It has been estimated that as many as 91% of the so-called facts from Donald Trump’s election campaign are untrue. The scale of this phenomenon means that the denial of false information has ceased to be effective because such messages are drowning in a sea of memes, tweets, catchy titles, and brainless posts. It’s no wonder that Oxford Dictionaries declared post-truth the word of the year for 2016.
In a broader sense — not just in political terms — this could be due to the phenomenon of data pollution. Virtual reality is suffocating from too much information. Experts from Qlik say that this phenomenon is so severe that it will come to define technological trends in the coming years, just as with business. Certainly, this is the case in the field of Business Intelligence.
2017 will be the beginning of the fight against data illiteracy, which is the process of spreading the skill of reading data and understanding its analysis, verification, and selection. Other trends for 2017 are big insights, business intelligence based on context, and the increasing use of data analysis tools by employees at all levels.
It is estimated that by 2018, 80% of data stored will be completely useless, with neither the possibility nor sense of processing it. This is directly related to the above-mentioned phenomenon of data pollution. Infrastructure for data storage is cheap and widely available, so companies are producing an increasing number of bytes. Unfortunately, their value is questionable at best. The collection of such data is often art for art’s sake, without purpose and strategy, just a vague idea that it may prove useful sometime down the track.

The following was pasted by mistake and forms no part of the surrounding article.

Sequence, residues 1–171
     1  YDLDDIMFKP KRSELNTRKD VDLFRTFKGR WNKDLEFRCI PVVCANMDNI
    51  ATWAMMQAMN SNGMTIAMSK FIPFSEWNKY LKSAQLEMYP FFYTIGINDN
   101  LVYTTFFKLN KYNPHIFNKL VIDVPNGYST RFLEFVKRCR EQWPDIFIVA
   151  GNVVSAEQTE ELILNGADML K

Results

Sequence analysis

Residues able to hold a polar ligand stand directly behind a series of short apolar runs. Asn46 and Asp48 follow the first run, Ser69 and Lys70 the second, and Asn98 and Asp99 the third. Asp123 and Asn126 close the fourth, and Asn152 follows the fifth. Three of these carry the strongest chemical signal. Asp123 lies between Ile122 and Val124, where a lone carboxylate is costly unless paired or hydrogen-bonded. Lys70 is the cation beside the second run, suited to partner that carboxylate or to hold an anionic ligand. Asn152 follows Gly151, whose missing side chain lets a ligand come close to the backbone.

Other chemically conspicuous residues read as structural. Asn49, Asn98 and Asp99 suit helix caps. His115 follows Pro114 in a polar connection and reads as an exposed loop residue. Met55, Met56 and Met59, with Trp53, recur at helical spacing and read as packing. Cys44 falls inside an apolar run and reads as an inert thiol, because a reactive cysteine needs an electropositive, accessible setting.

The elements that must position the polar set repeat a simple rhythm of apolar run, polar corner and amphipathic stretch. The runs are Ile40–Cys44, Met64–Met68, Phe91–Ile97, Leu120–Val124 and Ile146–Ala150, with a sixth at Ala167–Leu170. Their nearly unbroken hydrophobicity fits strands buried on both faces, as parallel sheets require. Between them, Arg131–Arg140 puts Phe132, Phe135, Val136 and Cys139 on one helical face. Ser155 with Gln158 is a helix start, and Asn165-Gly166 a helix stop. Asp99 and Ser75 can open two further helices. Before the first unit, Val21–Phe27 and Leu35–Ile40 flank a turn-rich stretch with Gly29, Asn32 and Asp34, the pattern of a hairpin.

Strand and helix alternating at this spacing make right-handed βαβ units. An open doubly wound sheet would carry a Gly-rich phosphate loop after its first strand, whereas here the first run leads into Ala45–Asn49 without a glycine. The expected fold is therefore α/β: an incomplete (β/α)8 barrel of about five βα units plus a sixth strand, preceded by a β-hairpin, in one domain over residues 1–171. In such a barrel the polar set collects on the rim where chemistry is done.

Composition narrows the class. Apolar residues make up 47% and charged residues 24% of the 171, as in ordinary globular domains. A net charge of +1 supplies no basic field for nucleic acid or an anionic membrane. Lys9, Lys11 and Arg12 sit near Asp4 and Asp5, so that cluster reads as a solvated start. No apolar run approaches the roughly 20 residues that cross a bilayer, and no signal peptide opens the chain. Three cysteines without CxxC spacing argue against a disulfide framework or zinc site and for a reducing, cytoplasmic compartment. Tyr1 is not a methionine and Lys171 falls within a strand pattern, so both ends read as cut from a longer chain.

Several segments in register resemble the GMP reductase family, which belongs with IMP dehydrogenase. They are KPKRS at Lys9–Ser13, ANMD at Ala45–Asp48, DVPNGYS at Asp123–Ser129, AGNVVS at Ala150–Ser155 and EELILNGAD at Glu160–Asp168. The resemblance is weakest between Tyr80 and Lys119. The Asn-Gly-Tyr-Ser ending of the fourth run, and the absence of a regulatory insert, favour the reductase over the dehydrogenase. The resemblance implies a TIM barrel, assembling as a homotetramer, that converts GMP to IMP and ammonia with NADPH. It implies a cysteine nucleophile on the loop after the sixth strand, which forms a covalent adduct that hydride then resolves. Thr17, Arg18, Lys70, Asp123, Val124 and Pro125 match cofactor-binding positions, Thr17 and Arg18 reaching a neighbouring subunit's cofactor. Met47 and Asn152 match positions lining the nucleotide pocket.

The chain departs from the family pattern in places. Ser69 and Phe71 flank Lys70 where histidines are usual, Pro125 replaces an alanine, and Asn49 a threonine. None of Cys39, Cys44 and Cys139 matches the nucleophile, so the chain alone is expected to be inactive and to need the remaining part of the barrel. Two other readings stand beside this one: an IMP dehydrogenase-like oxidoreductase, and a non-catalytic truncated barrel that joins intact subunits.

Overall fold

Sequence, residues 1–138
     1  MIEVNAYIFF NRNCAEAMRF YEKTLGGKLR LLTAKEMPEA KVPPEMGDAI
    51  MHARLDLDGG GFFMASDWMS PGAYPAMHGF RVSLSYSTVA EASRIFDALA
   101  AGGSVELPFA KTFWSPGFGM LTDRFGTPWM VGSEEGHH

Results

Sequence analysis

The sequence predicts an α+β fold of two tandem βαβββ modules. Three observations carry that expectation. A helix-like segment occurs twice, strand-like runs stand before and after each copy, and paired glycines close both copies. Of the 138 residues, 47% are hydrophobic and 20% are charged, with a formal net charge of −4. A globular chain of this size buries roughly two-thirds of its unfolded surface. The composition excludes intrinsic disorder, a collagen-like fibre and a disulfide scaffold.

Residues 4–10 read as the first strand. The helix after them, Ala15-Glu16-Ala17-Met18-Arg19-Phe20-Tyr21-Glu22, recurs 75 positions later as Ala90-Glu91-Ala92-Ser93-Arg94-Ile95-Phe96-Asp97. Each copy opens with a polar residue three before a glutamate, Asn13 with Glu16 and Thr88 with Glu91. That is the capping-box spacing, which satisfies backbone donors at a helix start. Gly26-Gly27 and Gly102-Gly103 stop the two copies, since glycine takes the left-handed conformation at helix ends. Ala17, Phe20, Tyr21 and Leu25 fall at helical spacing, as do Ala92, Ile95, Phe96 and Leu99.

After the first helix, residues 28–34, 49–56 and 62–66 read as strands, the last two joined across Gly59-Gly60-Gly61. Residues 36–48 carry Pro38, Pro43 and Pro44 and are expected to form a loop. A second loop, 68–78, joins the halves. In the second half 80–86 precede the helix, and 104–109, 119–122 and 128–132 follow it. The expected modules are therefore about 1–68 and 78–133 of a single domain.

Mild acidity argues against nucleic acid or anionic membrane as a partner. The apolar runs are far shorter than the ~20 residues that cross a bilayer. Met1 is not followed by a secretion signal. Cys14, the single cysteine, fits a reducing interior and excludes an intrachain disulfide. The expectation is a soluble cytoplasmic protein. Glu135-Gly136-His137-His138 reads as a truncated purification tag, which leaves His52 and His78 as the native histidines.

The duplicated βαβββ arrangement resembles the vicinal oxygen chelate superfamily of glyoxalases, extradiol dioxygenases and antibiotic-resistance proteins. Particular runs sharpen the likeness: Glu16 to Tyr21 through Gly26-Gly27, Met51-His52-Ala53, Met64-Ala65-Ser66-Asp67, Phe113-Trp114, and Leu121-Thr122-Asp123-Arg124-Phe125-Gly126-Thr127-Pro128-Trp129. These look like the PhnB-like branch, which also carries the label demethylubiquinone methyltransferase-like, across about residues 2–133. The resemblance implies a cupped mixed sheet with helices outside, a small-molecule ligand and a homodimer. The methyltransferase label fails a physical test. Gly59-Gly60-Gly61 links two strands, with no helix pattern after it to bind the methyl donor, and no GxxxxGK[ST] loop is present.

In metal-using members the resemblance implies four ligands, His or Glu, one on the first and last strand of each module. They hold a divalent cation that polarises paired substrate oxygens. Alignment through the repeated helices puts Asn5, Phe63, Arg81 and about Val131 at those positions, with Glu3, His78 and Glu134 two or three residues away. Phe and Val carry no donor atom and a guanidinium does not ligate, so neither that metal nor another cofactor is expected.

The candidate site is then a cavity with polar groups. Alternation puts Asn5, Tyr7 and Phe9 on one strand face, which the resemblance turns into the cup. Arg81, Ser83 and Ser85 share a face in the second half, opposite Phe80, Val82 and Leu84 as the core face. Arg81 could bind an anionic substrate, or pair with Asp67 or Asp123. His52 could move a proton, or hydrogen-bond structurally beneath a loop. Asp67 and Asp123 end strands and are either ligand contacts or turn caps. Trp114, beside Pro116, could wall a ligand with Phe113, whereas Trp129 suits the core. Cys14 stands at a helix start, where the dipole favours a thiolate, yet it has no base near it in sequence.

The result is that even information that’s important to a company often dies in the black hole of the database. Such a situation fails to facilitate the wider use of IoT. Like every great idea that originally was intended to serve the good of humanity (economical and ecological houses or cities, the comfort and convenience of senior citizens and people with disabilities, etc.), the Internet of Things is becoming a caricature of itself. The Internet can be connected to absolutely everything from the kettle to the cat’s litterbox, collecting terabytes of completely useless data. Wired Magazine mentions that the ironic term the Internet of Sh*ts is ever more popular — which basically means the imminent death of ideas, at least in their present-day, gadget-like form.
Big Insights and Data Visualization Based on Context
Everything points to the fact that the coming years will mark the end of the Big Data fetish and the beginning of big insights, which is a critical approach to the data being processed. There will be more and more of this data, and it will be more nuanced. Expanded reality and IoT will bring about the contextualization of data in the real world, which will enable the capture of specific events (our actions, decisions, and behavior) in a particular place and time. This will further blur the boundary between the physical and virtual worlds. The game Pokemon Go is just one such example. This also means that business analytics will need to exceed this limit.